BY JACK B. WEINSTEIN, 69 U. Miami L. Rev. 355 (2015)
Introduction: A realistic description of the federal trial judge’s role might be “Dealing with the Real World.” We are concerned with real people and the impacts of law on those people. We observe real lives through our window to the world. Where the law is inadequate or perverse, we report our observations to those with power to lead: the public, the legislature, and the appellate courts. And, from time to time, we bend the procedural and substantive law to do justice in individual cases.
The perpetually troubled underclasses, the cheated consumers, those injured by pharmaceuticals, and those deprived of constitutional and other rights are grist for our mill. Too often we are reminded of Job’s wail: “Behold, I cry out wrong, but I am not heard: I cry aloud, but here is no judgment.” Amid massive abuse by the government of prisoners, the mentally disabled, and those otherwise deprived, a class action with decrees and long-term supervision is needed. Providing justice for those who need help on a massive scale requires tough, controlling trial judges.
Allow me to illustrate my views on mass litigation by briefly touching on my own odyssey as a trial judge. Along the way, I have developed some personal “Rules for Survival.”
The first ten of these “Rules for Survival” address class actions, quasi-class actions, multi-district litigations, and the like. In the real world, such mass actions are the only practicable way to impose liability on those causing major harm and to provide adequate remedies to the many injured.In these remarks, I do not address the critical issue facing our profession: the representational problems faced by the vast number of individuals—immigrants, the poor, and the middle class—without adequate counsel and without adequate civil legal protections.A discussion of the work being done to respond to these profound legal problems must be left for another day.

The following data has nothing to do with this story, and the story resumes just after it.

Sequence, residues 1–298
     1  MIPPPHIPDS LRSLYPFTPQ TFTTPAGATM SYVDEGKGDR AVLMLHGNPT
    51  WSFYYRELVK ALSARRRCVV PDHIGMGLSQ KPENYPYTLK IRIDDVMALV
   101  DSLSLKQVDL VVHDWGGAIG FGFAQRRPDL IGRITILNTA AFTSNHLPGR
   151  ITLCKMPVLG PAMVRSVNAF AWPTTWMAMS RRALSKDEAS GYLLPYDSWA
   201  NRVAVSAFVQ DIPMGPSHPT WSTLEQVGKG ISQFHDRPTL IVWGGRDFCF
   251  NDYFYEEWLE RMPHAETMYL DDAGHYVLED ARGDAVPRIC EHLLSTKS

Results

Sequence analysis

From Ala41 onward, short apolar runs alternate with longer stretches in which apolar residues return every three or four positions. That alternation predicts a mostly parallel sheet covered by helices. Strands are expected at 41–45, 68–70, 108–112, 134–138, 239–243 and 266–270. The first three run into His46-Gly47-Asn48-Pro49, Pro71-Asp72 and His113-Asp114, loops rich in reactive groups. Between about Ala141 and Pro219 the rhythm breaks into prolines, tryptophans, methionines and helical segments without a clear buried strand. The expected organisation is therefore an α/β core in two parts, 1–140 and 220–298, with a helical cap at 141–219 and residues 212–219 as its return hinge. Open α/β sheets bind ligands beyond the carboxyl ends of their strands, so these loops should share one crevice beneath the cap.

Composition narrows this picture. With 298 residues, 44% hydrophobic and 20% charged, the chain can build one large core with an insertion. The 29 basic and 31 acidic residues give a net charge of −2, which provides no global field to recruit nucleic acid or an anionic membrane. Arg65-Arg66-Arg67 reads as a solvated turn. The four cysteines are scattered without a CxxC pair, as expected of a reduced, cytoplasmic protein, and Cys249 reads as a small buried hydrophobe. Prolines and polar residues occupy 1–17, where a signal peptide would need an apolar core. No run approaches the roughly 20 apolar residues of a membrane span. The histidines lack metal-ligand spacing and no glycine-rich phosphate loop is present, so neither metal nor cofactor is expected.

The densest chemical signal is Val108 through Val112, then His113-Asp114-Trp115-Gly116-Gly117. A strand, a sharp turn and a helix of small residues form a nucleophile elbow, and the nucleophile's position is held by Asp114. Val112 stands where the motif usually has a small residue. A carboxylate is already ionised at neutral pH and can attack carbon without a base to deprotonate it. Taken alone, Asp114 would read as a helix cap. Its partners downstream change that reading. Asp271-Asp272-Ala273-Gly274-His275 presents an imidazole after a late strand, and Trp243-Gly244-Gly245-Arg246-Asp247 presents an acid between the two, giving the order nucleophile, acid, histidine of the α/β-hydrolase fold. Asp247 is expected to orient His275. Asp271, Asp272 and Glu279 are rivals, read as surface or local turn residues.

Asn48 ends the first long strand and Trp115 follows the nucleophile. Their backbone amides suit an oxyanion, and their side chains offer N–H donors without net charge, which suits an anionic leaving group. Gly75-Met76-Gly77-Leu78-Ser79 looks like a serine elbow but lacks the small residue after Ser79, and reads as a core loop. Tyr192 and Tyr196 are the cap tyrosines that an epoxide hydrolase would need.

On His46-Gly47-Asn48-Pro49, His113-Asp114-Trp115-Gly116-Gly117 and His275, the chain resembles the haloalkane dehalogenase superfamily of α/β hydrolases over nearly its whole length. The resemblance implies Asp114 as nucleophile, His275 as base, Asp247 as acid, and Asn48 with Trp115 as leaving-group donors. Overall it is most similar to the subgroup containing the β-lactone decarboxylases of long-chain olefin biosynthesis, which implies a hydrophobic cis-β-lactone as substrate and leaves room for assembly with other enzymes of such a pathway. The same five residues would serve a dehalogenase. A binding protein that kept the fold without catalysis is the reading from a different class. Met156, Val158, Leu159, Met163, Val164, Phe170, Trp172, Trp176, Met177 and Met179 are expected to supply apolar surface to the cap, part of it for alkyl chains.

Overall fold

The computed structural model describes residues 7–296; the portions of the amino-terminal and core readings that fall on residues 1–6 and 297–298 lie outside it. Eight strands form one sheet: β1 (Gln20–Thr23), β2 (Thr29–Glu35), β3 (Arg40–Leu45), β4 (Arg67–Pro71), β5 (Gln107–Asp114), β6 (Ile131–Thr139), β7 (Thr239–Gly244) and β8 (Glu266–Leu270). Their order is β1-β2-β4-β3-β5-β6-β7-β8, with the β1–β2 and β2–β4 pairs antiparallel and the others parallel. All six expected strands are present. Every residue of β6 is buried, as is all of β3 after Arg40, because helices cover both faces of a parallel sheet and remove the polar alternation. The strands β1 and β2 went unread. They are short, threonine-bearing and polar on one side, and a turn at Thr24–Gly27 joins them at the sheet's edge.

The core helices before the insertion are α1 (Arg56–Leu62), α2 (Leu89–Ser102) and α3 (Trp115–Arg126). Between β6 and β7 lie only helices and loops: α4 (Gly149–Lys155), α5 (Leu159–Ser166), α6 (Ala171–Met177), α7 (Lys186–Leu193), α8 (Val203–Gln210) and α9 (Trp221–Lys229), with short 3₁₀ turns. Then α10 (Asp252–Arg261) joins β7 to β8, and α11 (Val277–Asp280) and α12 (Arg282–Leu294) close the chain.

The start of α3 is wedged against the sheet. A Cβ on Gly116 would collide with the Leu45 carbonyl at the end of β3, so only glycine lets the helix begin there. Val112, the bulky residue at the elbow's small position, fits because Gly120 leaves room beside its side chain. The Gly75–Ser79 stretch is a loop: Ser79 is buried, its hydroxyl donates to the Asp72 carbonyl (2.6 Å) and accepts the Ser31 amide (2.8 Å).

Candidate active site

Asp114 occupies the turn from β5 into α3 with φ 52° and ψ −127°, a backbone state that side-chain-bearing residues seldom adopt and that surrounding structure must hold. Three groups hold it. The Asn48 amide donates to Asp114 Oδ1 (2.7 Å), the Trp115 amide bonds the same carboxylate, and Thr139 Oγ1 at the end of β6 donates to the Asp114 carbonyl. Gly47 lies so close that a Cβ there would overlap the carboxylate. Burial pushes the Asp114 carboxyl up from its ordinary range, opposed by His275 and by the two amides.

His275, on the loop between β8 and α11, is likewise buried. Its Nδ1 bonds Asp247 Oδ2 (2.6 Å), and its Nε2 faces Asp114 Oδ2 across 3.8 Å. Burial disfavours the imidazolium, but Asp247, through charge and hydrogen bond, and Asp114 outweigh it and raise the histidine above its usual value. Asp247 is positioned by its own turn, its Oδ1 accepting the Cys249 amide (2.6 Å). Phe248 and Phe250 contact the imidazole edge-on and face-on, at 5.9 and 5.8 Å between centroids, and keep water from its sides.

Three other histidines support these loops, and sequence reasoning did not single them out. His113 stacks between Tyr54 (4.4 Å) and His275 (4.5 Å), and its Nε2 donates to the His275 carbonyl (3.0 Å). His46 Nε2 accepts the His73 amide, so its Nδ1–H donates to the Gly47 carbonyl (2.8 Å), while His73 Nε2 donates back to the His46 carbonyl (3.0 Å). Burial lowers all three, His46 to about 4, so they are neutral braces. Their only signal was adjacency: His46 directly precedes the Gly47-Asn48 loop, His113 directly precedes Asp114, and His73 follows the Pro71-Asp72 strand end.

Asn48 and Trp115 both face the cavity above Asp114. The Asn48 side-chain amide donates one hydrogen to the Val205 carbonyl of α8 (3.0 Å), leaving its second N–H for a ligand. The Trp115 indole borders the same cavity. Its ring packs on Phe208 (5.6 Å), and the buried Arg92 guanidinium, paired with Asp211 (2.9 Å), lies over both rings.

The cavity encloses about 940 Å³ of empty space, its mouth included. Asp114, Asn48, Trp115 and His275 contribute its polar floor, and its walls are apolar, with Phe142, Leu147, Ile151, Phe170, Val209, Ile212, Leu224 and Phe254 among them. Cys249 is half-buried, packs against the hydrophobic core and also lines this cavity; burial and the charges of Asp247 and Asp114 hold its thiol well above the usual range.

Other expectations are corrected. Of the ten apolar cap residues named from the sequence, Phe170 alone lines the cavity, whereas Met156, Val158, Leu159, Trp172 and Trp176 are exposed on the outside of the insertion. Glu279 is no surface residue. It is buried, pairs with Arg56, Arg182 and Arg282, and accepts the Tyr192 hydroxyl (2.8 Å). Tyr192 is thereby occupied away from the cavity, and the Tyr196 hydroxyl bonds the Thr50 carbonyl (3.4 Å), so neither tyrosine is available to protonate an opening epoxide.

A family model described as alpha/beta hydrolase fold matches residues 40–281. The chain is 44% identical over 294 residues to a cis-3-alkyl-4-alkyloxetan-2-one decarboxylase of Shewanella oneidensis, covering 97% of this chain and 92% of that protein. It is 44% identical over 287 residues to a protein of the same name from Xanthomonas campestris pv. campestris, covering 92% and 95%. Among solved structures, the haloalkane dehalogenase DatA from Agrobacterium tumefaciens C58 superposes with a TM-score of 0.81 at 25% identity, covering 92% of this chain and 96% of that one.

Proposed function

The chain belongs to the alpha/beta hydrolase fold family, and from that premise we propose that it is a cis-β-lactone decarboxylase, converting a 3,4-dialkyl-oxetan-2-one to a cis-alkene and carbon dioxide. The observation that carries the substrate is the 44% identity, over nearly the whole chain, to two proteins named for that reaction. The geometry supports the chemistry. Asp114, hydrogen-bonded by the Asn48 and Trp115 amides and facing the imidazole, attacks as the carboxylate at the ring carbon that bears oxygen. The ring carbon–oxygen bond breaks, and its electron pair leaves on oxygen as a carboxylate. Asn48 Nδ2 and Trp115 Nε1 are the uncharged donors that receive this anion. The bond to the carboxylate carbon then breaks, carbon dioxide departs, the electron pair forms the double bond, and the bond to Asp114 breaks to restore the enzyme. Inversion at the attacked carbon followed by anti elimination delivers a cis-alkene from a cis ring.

Later, I will also state three of my personal “Rules for Survival” in the criminal law context and then conclude with one “General Rule for Survival.” . . . Full Article.
Recommended Citation: Jack B. Weinstein, Federal Trial Judges: Dealing with the Real World, 69 U. Miami L. Rev. 355 (2015).